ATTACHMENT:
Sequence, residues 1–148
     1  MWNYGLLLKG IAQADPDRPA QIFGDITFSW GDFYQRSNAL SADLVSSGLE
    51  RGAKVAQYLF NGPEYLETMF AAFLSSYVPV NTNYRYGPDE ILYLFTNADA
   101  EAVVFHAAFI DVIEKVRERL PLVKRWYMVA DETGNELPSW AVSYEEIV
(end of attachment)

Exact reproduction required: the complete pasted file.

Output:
Sequence, residues 1–148
     1  MWNYGLLLKG IAQADPDRPA QIFGDITFSW GDFYQRSNAL SADLVSSGLE
    51  RGAKVAQYLF NGPEYLETMF AAFLSSYVPV NTNYRYGPDE ILYLFTNADA
   101  EAVVFHAAFI DVIEKVRERL PLVKRWYMVA DETGNELPSW AVSYEEIV